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CHAPTER 16 DATA ENCRYPTION
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Implementing Tablespace Encryption
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Tablespace encryption, introduced in Oracle Database 11g Release 1, is the ability to have each and every database block located in a given tablespace be stored in an encrypted format on disk. Every segment stored within that tablespace will be stored encrypted. This goes far beyond the column level encryption we just discussed. Every column in every table stored in this tablespace would be encrypted on disk, as would be the contents of every INDEX, LOBSEGMENT, and so on. Furthermore, the documented limitations of column encryption regarding statistics, indexes, and foreign keys do not apply to encrypted tablespaces. There are no restrictions when looking at tablespace encryption. In this section, we ll look at how to setup and use tablespace encryption, how the data is physically stored on disk and in the SGA, and how to measure the performance impact of tablespace encryption.
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How to Use Tablespace Encryption
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In order to use tablespace encryption, you start off just as you would for column level encryption by setting up your Oracle wallet for the database to store and supply the encryption keys. Once that is done, you are ready to create an encrypted tablespace using the following syntax create tablespace tablespace_name datafile ENCRYPTION Using 'algorithm' (optional) default storage ( ENCRYPT ); where algorithm is one of 3DES168, AES128, AES192, and AES256 to specify the type of encryption to be used (AES128 is the current default). The algorithm is optional as it will default, but the two parts in bold are required to create an encrypted tablespace.
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Note You cannot encrypt an existing tablespace; you must create a tablespace in encrypted mode. In order to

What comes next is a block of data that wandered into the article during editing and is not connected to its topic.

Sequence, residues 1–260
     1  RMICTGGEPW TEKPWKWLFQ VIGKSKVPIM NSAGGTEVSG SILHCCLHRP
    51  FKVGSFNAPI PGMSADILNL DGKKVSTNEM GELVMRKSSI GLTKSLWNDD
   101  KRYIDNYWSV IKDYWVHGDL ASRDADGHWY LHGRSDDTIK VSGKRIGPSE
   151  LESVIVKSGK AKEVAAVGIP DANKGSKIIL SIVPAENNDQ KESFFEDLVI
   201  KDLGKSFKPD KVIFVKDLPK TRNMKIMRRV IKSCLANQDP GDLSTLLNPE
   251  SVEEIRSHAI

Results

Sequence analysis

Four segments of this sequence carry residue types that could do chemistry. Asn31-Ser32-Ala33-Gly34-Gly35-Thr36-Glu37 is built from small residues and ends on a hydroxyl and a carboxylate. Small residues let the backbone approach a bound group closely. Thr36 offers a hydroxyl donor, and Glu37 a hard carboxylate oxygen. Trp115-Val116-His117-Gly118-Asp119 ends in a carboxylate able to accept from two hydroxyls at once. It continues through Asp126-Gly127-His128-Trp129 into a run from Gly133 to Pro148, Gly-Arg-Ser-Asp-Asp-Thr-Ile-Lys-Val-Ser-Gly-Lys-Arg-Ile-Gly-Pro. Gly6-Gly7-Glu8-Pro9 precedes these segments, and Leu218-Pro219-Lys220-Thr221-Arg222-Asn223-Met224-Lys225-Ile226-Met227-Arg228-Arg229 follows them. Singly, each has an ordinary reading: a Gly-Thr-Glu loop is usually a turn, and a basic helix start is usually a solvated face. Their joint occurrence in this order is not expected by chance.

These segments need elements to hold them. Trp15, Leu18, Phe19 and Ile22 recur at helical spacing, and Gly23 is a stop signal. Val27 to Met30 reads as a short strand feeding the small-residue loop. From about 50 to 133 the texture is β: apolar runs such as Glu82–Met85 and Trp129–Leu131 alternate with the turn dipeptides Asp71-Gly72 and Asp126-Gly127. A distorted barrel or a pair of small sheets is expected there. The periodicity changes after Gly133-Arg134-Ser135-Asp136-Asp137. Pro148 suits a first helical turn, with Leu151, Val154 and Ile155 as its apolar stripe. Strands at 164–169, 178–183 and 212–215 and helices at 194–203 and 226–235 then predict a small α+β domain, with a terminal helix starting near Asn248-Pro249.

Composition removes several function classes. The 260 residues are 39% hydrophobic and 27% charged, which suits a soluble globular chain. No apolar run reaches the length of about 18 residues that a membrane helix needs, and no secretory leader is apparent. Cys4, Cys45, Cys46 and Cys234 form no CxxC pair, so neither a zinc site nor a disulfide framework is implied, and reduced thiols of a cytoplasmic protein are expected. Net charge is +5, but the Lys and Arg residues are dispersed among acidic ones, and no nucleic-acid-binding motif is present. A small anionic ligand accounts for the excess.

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effectively encrypt an existing tablespace, you would have to create a new encrypted tablespace, move the segments from the old tablespace to this new one, drop the old tablespace, and optionally rename the new tablespace to the old name.
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Once you have created an encrypted tablespace, you are ready to store data in an encrypted fashion. All you need to do now is create some segments (tables, indexes, and so on) in that tablespace. As the data is written to the datafiles for that tablespace, it will be encrypted transparently. As the data is read back in from those same datafiles, it will be decrypted transparently.
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Data Storage with Tablespace Encryption
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In this section, we ll take a look at how the encrypted database blocks are stored on disk and in the SGA. We ll look at the same considerations we did for column level encryption any storage overhead as well as the impact of data retrieval and modifications due to the encryption. We ll start with how the data is stored on disk.
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CHAPTER 16 DATA ENCRYPTION
Storage on Disk
Unlike column level encryption, there is no storage overhead with tablespace compression. There is no need to pad the data out to any multiple of 16 bytes, since every database block is some multiple of a kilobyte already (by definition, a database block is already a multiple of 16 bytes). Additionally, since a database block is a fixed width data element (there is no such thing as a varying length database block), the fact that encryption would result in a fixed width output is not relevant either. Lastly, since each database block is a unique entity, the data on it is unique already, so the need to SALT the data does not exist; we need not add anything to the database block data in an attempt to make it unique to avoid issues with probing of the data, as we do with data at the column level. So, with tablespace encryption, if a full, unencrypted tablespace consumes 5GB on disk, the same data stored in an encrypted tablespace would utilize the same 5GB of storage. In the datafiles, the datafile header itself would be stored unencrypted (so the database can identify and access the file with or without the wallet), but every database block in it would be stored encrypted, inaccessible by anyone when the wallet is not open in the database instance.
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